Football fans don’t like watching teams that delay attacks. Those matches tend to be boring, as it takes time for the players to create exciting situations. But when Switzerland was put against Italian, French, and Spanish fast attackers, the defensive play was pure art.
During the match against France, the Swiss team maintained a high-intensity play, giving little to no room to the opposing attackers. France didn’t create many chances to shoot on target until the 55th minute. The Swiss team treated them with a fast reaction.
Reactive – that’s the best word to describe this team’s movement on the field. The wing-backs played an important role in the counter-attacks, and the midfield was in charge of the intense tempo of the matches.
Wales – Switzerland: A Stalemate of Frustration
Wales entered the match with a 4-3-3 tactic against Switzerland’s predictable 3-4-3 system. The Swiss team had difficulty progressing the ball towards the front, so we saw a lot of action in their line of defence. Wales left virtually no space in the center, so the Swiss midfielders didn’t communicate with the defenders well.
Petkovic made a few changes in his strategy, mainly towards an increased use of his forwards. They aimed to drag opposing players off their position and open some space for passing lines.
By the end of the match, the Swiss team managed to overcome the Welsh centre-backs and use the open space. Switzerland took the lead at the end of the first half, but showed an unimpressive play over the second half. Wales fully dominated the ball from there on, and managed to score for a 1-1 result.
Wonder in Bucharest: Active Switzerland and Passive France
Bucharest hosted some of the most exciting Euro 2020 matches. This city has a special sports vibe. The rise of online gambling led to more excitement, with a huge part of the Romanian nation placing bets on their favorite teams. The online casino culture is at its peak, so sports fans who traveled to watch the matches tried something new.
But let’s face it: football fans will always enjoy the game for itself, even when betting is not involved. This particular match was a huge surprise: Switzerland won against all odds. Granit Xhaka, the man of the match, controlled the midfield with his beautiful transitions.
Well-Coordinated Defence against France
France underestimated the underdog by playing 3 at the back. They recovered from that mistake by shifting to 4 at the back during the second half. The Swiss defence, on the other hand, was outstanding. Mbappe failed to find a weak link, and ended the match without scoring a goal.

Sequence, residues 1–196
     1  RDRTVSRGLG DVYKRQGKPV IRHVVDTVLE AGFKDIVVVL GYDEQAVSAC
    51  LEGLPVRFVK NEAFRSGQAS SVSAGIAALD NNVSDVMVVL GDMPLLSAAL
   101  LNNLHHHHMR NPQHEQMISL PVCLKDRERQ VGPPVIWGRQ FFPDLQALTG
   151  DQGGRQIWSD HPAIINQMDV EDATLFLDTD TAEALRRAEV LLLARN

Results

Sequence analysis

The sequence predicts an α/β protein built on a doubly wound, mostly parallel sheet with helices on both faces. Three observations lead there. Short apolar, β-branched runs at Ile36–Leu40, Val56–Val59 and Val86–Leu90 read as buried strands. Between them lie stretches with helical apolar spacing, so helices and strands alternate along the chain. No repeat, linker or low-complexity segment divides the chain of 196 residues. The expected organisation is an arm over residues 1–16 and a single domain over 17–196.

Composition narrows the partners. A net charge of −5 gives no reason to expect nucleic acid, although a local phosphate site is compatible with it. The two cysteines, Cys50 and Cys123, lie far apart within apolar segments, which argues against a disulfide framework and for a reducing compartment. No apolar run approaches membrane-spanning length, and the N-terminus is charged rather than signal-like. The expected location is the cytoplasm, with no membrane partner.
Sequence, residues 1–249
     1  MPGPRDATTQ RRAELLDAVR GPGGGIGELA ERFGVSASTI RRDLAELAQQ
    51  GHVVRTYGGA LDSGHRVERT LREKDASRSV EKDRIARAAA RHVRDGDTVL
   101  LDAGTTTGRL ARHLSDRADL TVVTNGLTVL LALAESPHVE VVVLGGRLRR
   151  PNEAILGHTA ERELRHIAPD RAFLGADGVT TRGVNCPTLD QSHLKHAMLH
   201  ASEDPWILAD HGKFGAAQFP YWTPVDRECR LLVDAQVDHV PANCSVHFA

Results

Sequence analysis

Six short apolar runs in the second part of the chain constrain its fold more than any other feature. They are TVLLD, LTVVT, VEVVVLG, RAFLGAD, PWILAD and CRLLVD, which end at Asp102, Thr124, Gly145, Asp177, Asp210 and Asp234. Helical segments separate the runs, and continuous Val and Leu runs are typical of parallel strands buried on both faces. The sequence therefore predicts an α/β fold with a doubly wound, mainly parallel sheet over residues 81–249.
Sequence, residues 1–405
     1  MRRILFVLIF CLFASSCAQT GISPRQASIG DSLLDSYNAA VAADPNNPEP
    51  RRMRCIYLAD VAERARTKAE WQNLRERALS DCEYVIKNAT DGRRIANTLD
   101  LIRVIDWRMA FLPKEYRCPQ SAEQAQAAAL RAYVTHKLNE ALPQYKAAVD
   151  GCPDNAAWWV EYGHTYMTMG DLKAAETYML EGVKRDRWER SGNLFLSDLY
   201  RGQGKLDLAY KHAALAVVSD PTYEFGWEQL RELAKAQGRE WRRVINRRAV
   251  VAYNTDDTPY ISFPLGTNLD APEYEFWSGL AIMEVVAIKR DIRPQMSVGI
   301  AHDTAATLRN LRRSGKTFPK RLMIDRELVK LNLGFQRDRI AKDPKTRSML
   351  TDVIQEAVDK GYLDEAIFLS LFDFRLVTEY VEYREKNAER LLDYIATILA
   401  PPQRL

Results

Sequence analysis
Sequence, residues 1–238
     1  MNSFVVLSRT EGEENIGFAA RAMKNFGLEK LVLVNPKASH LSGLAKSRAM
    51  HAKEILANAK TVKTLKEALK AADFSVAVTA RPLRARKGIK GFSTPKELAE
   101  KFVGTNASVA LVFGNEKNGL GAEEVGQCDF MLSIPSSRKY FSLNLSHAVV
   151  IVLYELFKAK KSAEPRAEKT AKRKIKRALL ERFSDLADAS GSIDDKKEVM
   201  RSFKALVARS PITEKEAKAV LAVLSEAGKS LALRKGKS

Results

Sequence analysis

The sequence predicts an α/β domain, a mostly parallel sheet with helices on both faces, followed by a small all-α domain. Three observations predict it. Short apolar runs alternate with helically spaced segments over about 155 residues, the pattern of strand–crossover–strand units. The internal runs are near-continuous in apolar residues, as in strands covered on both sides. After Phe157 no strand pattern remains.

The Swiss team was dangerous in its forward motions, but the French opposition managed to withstand. Following up an even score of 3-3, Switzerland won with 4-5 after intense penalty lapses. During this match, this young team showed us more than tactics and schemes. They showed passion and motivation, which the biggest talent in football can often lack.
Sports bettors started seeing Switzerland differently from this moment on. It was no longer the underdog; it became the miracle team that everyone expected to shine.
Decent Fight with Spain: Was It Enough?
After the successful game against France, Vladimir Petkovic kept the 4-2-3-2 formation, which transitioned to a 4-4-2 at times. Spain kept its classic 4-3-3 formation for this game, with the full-backs positioned deep. Spain dominated the ball’s possession, but failed to show progressive play. The Swiss midfielders grew in strength and closed Spain’s attempts to force long balls. Switzerland didn’t create open play, but the defence was exemplary.
After an even result of 1-1, the game went on towards penalty lapses, which Switzerland lost with 1-3.
This is the question that many Euro 2020 analyses asked: are bad penalties to blame for this loss? We cannot blame Yann Sommer. With 10 saves, Sommer was the absolute man of the match. He tricked Busquets to misplace his shot and saved a penalty from Rodri. Still, the Spanish team was more successful at scoring. Ruben Vargas hit his penalty over the bar, but those things happen when players are put under extreme mental pressure.
The Swiss exited this championship with heads high, leaving sports fans with high hopes for more exciting games.
Lesson Learned: There Are No Underdogs in Elite Football
When an underdog achieves such success among Europe’s greatest, it’s nothing short of a miracle. The Swiss team didn’t come with an impressive record at the championship. They played against all odds and came further than everyone hoped. We learned our lesson; we’ll no longer underestimate them.